At Diplareios School in Athens, Greece is studio art professor Zenovia Toloudi’s project “Silo(e)scapes,” which is part of the exhibition “Tomorrows: Urban Fictions for Possible Futures,” and is meant to serve as both an art installation and an architectural model. The piece is a model of a small community of people who preserve and tend to their native seeds in a communal space designed for the preservation of native plant species.
This article is featured in the 2017 Commencement & Reunions Issue.
Through long lines and rain, we, Kourtney and Madeline, successfully survived our first music festival. Saying we had a blast would be an understatement. Nearly every performer we watched exceeded our expectations by giving audiences a mix of tracks for new and die-hard fans. Despite the rain on Friday and the subsequent muddy patches throughout Harvard University’s Athletic Complex, the artists and attendees — numbering more than 30,000 thanks to the venue’s relocation from Boston’s City Hall Plaza — embraced the weather to enjoy a weekend celebrating music, comedy and art.
In this era of sequels, reboots and remakes, who would have thought that “Trainspotting” would get a second chance to shine. To be sure, the original is a cult classic and generally considered one of the greatest British films ever made, but it has a fairly self-contained story that doesn’t invite further continuation. Yet through some miracle that I will not pretend to understand, director Danny Boyle and screenwriter John Hodge have managed to return over 20 years later to make a sequel that happens to be one of the best films I’ve seen so far this year.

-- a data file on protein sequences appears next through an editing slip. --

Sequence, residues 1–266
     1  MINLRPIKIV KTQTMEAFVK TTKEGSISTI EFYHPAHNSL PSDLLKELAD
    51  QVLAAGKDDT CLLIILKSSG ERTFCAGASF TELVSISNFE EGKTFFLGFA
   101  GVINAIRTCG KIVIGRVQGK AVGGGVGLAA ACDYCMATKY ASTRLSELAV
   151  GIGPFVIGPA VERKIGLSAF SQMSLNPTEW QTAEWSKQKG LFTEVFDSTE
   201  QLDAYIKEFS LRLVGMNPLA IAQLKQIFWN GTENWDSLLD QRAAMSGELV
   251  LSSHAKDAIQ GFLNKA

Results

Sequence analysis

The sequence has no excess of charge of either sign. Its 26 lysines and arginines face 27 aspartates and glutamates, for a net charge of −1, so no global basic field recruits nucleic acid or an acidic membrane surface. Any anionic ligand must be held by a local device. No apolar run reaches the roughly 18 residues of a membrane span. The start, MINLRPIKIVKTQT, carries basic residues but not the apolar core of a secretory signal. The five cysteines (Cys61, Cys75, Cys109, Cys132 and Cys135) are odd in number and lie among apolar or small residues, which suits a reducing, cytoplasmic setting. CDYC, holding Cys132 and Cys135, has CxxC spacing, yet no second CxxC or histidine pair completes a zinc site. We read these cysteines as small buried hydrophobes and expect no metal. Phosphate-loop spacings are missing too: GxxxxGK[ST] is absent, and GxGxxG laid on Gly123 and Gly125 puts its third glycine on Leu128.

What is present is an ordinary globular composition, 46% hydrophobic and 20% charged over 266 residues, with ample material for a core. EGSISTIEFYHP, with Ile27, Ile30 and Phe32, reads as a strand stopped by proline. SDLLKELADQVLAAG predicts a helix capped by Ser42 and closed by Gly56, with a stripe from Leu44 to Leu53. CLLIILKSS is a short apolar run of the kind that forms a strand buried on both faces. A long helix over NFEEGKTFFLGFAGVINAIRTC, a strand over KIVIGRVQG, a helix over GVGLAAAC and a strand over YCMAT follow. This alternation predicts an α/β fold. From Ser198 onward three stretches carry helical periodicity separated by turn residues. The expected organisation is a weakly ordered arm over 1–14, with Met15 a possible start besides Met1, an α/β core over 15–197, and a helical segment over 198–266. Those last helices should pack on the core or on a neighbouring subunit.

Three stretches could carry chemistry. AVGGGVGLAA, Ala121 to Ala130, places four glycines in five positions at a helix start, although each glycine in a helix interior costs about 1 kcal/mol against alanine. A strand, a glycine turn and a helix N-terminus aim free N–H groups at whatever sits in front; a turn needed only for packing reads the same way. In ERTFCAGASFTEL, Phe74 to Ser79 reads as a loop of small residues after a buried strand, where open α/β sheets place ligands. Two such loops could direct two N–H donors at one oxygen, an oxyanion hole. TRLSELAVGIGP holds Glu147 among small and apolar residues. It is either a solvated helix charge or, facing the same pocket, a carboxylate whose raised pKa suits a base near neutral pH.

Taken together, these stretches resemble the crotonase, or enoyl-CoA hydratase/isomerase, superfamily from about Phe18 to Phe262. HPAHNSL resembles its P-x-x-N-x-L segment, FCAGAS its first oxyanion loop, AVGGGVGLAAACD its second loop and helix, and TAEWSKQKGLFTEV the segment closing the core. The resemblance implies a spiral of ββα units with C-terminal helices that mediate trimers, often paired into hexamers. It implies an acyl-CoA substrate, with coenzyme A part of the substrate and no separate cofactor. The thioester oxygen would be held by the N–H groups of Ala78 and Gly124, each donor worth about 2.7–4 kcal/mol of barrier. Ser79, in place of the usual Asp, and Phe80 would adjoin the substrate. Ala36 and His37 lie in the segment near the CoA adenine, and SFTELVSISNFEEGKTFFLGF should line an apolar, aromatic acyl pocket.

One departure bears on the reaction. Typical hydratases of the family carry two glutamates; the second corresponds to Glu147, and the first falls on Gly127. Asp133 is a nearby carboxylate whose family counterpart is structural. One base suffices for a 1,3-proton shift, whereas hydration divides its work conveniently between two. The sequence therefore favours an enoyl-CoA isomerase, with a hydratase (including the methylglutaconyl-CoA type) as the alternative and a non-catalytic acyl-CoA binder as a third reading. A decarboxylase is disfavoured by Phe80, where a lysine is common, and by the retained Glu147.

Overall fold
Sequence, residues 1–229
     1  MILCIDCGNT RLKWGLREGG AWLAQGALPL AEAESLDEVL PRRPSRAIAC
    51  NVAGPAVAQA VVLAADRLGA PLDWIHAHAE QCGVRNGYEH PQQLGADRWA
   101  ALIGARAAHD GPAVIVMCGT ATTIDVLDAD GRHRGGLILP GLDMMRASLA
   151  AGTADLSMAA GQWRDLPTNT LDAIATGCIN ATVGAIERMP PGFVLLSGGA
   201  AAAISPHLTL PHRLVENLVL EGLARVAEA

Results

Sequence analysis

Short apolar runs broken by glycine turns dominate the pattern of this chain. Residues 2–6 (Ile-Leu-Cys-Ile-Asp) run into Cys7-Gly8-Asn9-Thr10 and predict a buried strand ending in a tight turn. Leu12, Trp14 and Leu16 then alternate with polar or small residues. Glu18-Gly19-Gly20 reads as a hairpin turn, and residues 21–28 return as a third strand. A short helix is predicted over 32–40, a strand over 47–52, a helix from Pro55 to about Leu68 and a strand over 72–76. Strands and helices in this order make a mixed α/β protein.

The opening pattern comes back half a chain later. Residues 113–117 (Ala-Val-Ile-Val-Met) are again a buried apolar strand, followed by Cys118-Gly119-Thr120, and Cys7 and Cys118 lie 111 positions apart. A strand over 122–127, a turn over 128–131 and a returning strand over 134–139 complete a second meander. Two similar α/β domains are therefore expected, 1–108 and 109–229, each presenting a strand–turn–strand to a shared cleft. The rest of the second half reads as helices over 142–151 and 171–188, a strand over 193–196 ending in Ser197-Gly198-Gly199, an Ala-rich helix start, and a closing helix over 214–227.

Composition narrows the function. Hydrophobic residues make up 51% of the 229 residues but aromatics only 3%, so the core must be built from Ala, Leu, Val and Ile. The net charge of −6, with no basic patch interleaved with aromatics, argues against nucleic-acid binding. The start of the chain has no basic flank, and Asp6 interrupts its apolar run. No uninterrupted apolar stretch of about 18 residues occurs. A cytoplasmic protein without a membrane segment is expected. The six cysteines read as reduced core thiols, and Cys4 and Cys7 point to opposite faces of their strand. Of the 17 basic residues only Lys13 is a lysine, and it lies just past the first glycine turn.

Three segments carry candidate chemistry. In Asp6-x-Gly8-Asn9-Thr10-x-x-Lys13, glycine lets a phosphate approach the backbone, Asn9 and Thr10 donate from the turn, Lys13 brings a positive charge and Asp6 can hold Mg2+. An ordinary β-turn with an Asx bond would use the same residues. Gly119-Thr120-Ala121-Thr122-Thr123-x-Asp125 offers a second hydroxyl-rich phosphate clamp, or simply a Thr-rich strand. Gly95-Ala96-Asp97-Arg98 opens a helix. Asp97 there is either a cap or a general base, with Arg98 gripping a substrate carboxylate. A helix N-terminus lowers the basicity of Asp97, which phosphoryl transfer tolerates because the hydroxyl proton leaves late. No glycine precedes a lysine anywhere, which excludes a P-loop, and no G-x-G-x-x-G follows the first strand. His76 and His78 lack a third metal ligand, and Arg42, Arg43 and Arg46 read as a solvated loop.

Boston Calling 2017’s headliners included Chance the Rapper and Mumford & Sons.
Chance the Rapper performed songs from his Grammy Award-winning album "Coloring Book."
This Friday and Saturday, the Dartmouth Dance Ensemble will showcase the choreography that it has been rehearsing all year in its spring performance, “Steps and Sounds.” While the ensemble offered a sneak preview of this weekend’s show in its winter works-in-progress performance, this weekend will be the first time that the public can view the culmination of a year of choreography and rehearsals.
Screenwriter and novelist Kamran Pasha ’93 Tu’00 majored in religion at Dartmouth before working as a financial journalist on Wall Street, attending Cornell Law School and graduating from Tuck School of Business. After briefly working as an attorney, Pasha moved to Los Angeles in 2007 to pursue a career in screenwriting. Since then, he has worked as a screenwriter and producer on Showtime’s “Sleeper Cell” and NBC’s “Kings” and “Bionic Woman.” He has also published two novels, “Shadow of the Swords: An Epic Novel of the Crusades” and “Mother of the Believers: A Novel of the Birth of Islam.”
While the performance aspect is often regaled as the climax and culmination of a dancer’s hard work, choreographer and dancer Angie Lee ’17 has a different perspective. Lee emphasizes that dance can be used to examine and explore oneself and that work takes place largely off-stage.